Willie Daniels, one of the original Highwaymen who made national history with his art, passed away in September after a long illness. Born in 1951, Daniels quickly made a name for himself among the Florida Highwaymen, a group of 26 self-taught African-American artists who painted vivid scenes of historic Florida and sold them from the trunks of their cars for $25 to $35 apiece—often with the paint still wet. “In the 1990s, the entrepreneurs earned the name ‘the Highwaymen’ for the way they sold door-to-door and along the side of the road, especially along the eastern coast of Florida on U.S. 1 and A1A,” explains AJ Brown, Daniels’ god-niece and a second-generation painter carrying on the legacy of the Highwaymen.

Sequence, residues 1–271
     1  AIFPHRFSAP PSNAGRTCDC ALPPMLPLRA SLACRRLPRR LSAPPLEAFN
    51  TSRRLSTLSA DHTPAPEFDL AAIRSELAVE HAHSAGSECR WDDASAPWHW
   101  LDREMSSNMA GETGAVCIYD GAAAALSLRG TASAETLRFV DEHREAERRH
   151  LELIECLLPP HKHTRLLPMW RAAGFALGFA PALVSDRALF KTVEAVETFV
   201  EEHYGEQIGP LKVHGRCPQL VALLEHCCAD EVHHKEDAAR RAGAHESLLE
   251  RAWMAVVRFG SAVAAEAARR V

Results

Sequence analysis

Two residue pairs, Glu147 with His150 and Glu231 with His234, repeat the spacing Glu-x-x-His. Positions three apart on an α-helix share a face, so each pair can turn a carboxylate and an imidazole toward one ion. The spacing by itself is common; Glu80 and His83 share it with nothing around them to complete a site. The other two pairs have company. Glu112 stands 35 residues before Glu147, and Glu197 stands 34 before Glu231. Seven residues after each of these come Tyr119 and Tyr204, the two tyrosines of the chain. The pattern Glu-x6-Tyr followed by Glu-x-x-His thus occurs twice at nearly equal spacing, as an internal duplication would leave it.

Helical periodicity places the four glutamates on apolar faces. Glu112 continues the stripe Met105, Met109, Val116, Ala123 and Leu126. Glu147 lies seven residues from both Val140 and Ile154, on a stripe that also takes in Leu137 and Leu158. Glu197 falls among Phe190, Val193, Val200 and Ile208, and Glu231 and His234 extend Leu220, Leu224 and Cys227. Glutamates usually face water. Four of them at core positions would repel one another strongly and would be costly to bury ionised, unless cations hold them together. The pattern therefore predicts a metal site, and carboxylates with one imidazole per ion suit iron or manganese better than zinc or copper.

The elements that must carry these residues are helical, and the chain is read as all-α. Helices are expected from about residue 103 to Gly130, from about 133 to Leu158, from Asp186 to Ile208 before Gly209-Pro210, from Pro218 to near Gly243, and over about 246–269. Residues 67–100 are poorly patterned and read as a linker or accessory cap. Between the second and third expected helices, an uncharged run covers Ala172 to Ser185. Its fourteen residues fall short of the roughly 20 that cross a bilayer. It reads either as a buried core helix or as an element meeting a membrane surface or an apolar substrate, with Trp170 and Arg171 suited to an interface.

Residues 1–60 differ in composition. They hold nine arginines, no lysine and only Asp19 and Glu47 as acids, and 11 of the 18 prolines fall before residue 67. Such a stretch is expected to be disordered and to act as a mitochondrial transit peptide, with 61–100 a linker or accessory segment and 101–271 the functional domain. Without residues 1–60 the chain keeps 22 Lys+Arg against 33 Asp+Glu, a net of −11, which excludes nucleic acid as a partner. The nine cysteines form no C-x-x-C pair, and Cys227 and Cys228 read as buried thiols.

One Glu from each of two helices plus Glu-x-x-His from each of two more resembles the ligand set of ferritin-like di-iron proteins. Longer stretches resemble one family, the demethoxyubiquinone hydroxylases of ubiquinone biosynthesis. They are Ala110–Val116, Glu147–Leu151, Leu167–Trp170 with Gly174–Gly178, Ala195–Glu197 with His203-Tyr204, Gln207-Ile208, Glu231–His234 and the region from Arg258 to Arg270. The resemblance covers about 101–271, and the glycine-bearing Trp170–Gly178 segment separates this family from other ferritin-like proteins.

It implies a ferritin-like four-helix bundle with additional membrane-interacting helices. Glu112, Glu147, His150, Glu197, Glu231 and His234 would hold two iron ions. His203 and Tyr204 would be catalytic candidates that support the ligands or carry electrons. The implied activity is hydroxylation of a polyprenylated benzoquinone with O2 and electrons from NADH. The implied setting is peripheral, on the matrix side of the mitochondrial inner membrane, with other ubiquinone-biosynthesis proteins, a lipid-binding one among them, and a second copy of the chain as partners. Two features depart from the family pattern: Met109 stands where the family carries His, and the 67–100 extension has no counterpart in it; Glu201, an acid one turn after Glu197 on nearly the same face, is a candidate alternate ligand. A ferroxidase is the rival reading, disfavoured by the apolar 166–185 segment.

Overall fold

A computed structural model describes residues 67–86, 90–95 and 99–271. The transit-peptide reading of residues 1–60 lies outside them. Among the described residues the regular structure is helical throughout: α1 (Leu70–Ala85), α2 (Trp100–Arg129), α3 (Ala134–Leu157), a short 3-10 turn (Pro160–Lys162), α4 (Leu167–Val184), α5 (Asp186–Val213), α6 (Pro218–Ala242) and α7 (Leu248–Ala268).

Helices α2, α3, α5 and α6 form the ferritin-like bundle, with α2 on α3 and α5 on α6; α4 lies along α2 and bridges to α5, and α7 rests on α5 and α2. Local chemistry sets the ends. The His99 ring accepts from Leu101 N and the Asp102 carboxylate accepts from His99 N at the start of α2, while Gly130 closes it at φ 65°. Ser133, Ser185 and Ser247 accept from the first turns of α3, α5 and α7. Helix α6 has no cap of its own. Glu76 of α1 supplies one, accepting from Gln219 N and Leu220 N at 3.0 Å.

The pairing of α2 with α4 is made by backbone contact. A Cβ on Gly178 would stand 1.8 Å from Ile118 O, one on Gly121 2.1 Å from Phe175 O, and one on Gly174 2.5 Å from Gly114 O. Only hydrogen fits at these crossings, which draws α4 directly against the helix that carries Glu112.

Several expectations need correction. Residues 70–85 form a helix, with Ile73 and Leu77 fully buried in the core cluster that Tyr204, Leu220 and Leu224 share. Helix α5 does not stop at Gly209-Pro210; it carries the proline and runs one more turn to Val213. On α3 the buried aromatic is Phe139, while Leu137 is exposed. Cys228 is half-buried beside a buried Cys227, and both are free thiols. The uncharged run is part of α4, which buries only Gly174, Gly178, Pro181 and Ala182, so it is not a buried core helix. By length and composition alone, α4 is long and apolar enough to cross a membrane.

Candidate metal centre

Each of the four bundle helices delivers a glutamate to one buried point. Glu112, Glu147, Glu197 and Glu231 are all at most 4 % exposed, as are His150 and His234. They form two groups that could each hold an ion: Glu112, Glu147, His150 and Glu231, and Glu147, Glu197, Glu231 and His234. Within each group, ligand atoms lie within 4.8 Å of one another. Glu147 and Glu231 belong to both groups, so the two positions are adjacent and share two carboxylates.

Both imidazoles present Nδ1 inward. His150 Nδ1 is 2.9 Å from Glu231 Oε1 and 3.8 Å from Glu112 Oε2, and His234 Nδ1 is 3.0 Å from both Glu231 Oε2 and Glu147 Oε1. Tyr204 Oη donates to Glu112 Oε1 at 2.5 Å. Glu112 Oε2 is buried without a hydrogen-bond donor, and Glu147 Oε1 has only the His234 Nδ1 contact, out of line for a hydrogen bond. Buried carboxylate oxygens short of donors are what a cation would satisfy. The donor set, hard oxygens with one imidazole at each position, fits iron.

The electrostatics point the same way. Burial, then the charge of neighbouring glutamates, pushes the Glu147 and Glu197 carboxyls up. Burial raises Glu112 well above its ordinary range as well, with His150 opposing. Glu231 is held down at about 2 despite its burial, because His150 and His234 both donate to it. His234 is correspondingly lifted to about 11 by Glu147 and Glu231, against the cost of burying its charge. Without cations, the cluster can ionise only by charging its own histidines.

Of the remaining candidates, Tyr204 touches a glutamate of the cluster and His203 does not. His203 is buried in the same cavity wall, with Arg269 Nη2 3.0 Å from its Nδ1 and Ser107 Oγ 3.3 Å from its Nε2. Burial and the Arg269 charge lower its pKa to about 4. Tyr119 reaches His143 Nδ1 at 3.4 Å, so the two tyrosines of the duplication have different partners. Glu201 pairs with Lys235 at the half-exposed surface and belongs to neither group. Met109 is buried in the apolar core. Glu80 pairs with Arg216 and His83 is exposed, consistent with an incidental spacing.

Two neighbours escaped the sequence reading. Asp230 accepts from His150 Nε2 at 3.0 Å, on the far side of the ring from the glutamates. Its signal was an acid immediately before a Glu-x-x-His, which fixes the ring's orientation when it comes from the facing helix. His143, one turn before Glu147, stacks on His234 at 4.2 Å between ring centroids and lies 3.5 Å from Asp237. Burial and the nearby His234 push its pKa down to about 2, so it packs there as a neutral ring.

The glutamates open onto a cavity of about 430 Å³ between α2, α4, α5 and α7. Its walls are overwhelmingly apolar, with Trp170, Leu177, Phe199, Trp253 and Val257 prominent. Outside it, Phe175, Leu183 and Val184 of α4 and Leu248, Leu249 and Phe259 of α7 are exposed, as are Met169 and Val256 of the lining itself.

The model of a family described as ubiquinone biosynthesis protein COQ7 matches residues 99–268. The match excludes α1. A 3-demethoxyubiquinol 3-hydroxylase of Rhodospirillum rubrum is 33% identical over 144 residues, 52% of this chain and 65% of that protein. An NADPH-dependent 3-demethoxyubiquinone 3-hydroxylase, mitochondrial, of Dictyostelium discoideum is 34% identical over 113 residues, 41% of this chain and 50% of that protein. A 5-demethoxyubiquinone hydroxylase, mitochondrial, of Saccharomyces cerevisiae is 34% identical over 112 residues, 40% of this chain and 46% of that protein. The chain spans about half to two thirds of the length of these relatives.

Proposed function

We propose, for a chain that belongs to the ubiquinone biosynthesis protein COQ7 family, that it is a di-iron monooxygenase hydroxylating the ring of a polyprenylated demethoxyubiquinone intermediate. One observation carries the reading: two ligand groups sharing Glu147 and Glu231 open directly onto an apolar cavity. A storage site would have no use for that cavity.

Although he was a successful painter for more than 50 years, Daniels lived what Brown describes as “a meager lifestyle,” and his generosity with his art afforded thousands of antique dealers, authors, and friends the opportunity to own one of his nostalgic creations. Daniels was a humble man, yet his striking compositions can be found everywhere from homes across America to the White House.